As Radloff and Gruseus began their pre-flight checks, the windstorm continued to escalate. Shortly before noon, powerful gusts knocked out power to more than 800,000 customers in the Detroit area, including Willow Run’s control tower and meteorological station. The control tower was evacuated, and for the rest of the afternoon Willow Run entered a state known as “ATC zero,” where normal ATC services were unavailable. With these services down, Captain Gruseus had to use his cell phone to acquire weather information and ATC clearances.
Once all 110 passengers and six crew were on board, all the bags loaded, all the pre-flight checks complete, and all contingencies properly briefed, flight 9363 was ready for departure. A few minutes before 15:00, the MD-83 taxied away from the parking area and proceeded to runway 23L for takeoff. Although strong winds were still strafing the airport, the gusts were within the airplane’s crosswind limit.
As is standard procedure, the pilots calculated their takeoff speeds before departure. Given their weight and the length of the runway, they calculated that their decision speed, or V1, would be 139 knots. Above that speed, they would be committed to the takeoff; there would not be enough room to stop on the runway if something went wrong. They also calculated a nominal rotation speed of 142 knots, but the pilots agreed to actually rotate for liftoff at a slightly higher airspeed of 147 knots in order to give themselves a better margin for error if they encountered severe turbulence.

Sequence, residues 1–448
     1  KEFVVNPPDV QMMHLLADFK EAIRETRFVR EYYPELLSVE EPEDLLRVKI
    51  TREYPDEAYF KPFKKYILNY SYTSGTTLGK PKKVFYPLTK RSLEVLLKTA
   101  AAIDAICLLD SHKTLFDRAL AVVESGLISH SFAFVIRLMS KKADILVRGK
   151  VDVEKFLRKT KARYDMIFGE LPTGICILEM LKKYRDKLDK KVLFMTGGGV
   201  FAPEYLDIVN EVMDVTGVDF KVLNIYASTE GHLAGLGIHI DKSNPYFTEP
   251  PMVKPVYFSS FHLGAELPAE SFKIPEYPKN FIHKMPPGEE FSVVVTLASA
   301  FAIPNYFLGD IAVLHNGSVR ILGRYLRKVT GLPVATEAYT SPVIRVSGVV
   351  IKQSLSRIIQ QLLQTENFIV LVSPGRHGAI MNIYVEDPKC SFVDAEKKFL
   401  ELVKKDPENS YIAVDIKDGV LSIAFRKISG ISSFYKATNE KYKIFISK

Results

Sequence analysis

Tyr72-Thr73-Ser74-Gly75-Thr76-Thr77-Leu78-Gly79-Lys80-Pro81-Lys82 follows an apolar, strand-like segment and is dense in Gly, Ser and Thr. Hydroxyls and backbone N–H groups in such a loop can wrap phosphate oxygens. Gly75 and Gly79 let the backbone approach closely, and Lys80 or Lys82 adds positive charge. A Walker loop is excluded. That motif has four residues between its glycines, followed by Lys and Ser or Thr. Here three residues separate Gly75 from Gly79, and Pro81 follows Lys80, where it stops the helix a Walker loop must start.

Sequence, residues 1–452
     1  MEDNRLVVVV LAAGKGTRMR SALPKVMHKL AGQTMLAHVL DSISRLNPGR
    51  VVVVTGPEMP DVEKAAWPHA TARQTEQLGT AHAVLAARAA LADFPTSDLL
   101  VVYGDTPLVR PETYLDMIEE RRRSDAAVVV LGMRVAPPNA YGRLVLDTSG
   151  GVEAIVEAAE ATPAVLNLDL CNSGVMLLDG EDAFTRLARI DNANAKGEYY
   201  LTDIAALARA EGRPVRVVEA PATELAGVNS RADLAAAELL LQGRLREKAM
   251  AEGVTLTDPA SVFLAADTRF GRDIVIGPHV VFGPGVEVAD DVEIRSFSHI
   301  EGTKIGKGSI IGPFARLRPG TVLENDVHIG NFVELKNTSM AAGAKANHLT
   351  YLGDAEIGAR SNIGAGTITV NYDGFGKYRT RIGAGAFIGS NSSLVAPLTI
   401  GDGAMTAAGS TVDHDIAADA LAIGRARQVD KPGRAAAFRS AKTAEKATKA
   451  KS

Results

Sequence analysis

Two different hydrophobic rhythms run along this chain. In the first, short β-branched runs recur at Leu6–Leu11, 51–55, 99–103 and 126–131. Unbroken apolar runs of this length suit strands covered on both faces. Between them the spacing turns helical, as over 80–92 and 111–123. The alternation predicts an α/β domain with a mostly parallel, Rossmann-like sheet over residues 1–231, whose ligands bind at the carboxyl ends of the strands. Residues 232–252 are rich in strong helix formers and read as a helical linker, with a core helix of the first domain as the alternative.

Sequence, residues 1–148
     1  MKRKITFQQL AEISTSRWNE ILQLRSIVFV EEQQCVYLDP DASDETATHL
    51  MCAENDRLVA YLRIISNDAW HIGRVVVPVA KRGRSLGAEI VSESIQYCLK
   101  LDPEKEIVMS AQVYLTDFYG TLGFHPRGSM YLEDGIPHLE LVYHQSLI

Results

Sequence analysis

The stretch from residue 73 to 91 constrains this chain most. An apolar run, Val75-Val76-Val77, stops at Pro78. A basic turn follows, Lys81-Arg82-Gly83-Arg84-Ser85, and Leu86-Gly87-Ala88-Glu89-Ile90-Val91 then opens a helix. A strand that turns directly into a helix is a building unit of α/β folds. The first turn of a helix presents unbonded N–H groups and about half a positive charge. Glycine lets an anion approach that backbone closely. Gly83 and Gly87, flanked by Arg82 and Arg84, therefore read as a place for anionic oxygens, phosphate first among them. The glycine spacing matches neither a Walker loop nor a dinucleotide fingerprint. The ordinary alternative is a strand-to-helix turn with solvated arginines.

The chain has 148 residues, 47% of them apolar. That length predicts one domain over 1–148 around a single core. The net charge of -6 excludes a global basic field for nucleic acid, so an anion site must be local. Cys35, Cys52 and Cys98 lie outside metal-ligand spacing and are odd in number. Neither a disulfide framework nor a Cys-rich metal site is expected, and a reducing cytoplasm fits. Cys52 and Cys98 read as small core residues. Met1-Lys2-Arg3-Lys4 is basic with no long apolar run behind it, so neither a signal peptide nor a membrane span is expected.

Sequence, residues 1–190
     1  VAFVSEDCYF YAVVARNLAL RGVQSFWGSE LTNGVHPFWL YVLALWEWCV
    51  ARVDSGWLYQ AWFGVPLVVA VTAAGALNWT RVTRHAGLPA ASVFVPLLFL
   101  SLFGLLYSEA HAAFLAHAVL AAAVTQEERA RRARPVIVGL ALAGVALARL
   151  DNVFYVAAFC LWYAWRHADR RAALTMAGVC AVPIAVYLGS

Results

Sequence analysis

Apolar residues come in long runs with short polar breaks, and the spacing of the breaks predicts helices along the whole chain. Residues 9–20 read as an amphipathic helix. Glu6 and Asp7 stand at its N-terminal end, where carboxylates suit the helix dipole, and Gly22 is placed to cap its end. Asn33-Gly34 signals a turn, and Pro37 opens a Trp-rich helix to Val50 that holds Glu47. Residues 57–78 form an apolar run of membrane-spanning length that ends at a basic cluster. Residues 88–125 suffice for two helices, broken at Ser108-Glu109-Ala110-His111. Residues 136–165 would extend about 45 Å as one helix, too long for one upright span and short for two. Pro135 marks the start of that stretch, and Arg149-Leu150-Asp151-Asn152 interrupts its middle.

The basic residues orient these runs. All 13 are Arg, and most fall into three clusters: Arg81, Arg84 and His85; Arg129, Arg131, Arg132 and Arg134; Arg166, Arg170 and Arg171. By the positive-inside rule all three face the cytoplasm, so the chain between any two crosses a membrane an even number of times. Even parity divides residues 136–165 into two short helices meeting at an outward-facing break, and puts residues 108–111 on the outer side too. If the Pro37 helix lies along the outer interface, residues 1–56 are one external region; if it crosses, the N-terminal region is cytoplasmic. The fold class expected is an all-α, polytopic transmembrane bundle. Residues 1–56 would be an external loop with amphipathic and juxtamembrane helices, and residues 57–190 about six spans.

At 14:51, flight 9363 began its takeoff roll. At first, all seemed normal. “Eighty knots,” Gruseus called out.
“V-one,” said Gruseus. They were now traveling too fast to safely stop on the runway, committing them to the takeoff. Six seconds later, he announced, “Rotate.”
Captain Radloff pulled back on the controls to lift the plane off the ground. It normally took about three seconds for the plane to respond, but three seconds went by, and nothing happened. He pulled back even more — still nothing. He had no way of knowing that the right elevator, jammed in the full nose down position, was pushing his plane down into the runway with more force than he could hope to overcome.
“Hey, what’s going on?” he exclaimed, straining against the yoke. The controls felt like they were in concrete.